How much notice must an employer give before changing a work schedule?

Written by mary tucker-mclaughlin
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How much notice must an employer give before changing a work schedule?
At-will employees have few rights when it comes to schedules. (Jupiterimages/BananaStock/Getty Images)

At-will employees may have little or no rights when it comes to employers changing schedules. Employees who are a part of a collective bargaining unit and who are under contract may have more rights depending on the wording in their contracts. Overtime, reduced schedules and shift changes are a regular part of doing business in many organisations.

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Communication between employers and employees is critical to maintain workplace morale. Constantly changing an employee's schedule with little or no notice is not only frustrating to employees, but may cause real problems in their personal lives. Employees who have children are especially affected by schedule changes as they are dependent on child care. To retain and recruit productive employees, employers should strive to communicate schedule changes as soon as possible and also to avoid them unless absolutely necessary.

Shift Changes

Permanent and temporary shift changes are frequent in many organisations, including television news, health care and manufacturing. At-will employees are often at the mercy of their employers during these changes. Contract employees may have clauses in their contracts which require prior notification or which require additional wages for unusual shifts or quick turnaround to work additional shifts. According to the Fair Labor Standards Act, employers may change schedules and reduce hours of at-will employees with no prior notice and no penalty.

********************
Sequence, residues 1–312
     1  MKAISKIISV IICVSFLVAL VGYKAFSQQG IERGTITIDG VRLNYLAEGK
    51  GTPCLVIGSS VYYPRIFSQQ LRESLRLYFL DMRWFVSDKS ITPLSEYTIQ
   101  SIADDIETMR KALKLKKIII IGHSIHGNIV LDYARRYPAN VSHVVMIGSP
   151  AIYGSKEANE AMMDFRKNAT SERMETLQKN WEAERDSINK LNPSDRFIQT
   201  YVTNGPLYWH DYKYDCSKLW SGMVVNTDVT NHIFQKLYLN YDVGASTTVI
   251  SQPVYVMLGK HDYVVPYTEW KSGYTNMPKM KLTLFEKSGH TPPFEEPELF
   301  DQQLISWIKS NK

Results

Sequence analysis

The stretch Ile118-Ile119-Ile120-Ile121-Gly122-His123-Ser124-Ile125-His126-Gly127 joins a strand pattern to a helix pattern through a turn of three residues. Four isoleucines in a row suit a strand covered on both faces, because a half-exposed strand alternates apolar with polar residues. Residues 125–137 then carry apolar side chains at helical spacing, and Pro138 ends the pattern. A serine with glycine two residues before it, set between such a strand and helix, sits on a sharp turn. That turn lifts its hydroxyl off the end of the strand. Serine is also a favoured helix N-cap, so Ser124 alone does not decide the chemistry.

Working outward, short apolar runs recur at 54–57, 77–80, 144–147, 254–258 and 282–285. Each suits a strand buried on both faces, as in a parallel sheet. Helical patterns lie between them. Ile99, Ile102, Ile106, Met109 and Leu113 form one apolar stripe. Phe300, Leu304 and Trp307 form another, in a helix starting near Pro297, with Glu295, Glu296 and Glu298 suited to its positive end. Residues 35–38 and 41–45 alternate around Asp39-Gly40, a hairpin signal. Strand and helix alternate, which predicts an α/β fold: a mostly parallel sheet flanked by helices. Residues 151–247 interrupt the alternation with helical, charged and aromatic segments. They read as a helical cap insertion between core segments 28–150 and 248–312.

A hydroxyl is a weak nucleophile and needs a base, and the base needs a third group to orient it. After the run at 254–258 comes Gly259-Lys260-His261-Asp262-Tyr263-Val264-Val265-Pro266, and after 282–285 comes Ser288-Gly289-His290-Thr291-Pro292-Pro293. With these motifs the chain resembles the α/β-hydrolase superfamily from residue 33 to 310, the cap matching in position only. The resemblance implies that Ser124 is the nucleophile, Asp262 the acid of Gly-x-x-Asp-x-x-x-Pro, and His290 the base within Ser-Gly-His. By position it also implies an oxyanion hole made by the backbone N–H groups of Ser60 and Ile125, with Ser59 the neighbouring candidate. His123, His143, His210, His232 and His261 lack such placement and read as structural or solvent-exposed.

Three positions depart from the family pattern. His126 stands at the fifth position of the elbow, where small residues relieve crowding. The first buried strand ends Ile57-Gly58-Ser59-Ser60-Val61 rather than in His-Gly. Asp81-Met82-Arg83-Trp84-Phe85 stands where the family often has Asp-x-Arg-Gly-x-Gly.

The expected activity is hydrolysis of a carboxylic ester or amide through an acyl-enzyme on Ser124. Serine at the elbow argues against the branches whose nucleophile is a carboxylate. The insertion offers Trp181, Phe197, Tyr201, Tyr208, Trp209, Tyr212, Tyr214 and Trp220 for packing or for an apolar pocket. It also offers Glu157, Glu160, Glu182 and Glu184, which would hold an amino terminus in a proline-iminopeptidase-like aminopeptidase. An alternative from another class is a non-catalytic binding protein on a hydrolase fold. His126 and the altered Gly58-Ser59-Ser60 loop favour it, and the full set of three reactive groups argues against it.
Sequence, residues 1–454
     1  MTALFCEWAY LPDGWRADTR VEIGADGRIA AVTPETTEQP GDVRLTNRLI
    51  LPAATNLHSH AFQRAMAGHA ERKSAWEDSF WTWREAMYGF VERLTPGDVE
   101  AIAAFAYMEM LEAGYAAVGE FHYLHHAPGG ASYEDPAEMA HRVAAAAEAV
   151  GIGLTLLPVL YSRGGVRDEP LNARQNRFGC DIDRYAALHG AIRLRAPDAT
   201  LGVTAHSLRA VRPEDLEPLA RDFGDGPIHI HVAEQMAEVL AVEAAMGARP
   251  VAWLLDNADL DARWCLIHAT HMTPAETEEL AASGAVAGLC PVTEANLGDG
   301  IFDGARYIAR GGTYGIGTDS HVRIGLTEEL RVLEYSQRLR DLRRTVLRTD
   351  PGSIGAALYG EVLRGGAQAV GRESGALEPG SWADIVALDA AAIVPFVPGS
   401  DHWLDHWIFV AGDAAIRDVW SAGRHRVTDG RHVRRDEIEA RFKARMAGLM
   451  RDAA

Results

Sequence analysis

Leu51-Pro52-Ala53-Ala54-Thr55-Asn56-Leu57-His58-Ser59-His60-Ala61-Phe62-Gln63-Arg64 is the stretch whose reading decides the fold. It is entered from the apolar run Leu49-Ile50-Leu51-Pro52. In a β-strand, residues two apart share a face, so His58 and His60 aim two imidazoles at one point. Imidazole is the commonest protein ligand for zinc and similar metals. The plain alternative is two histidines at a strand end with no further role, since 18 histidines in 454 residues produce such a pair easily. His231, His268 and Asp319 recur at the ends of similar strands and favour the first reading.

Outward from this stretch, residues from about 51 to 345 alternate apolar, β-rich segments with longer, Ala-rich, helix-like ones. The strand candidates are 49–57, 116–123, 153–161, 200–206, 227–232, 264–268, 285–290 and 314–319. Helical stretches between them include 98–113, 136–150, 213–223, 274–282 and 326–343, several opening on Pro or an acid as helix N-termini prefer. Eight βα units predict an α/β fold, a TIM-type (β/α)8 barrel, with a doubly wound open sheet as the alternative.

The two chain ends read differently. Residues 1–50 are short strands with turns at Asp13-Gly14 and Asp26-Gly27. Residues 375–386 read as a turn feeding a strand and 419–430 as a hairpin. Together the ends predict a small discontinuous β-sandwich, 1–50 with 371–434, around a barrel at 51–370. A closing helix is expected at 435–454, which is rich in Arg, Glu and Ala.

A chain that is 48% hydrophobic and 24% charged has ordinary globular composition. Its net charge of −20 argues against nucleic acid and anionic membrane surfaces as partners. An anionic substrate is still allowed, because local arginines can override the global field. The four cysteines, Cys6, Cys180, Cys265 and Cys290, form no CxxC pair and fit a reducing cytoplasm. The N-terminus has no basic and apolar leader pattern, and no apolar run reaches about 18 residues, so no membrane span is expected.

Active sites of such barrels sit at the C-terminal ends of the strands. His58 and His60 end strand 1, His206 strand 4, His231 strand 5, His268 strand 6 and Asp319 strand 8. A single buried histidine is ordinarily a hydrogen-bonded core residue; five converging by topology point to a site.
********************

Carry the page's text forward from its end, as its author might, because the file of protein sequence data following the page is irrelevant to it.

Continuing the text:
Budget cutbacks and downsizing have increased the incidence of furloughs for salaried employees in both the private and public sectors. Although companies may have policies in place concerning notification of furloughs, the government provides many exceptions for use by both private companies and public sector organisations that have a need for an emergency furlough of employees. In the case of a "save money" furlough, most organisations give a 30-day notice of the decision to furlough employees.


The Fair Labor Standards Act does not require employers to give employees prior notice of schedule changes. Organizations that changes employees' schedules regularly without notice are subject to high turnover rates. Employee turnover can cost a company as much as 50 per cent of that position's salary. Constant turnover is an unnecessary expense and can severely damage employee morale. Proper planning, scheduling and effective communication can prevent frequent schedule changes. Effective communication is critical, and managers should talk with employees about which shifts are best for them. Putting employees on a shift that works well for them might be the difference between keeping an employee and losing one.

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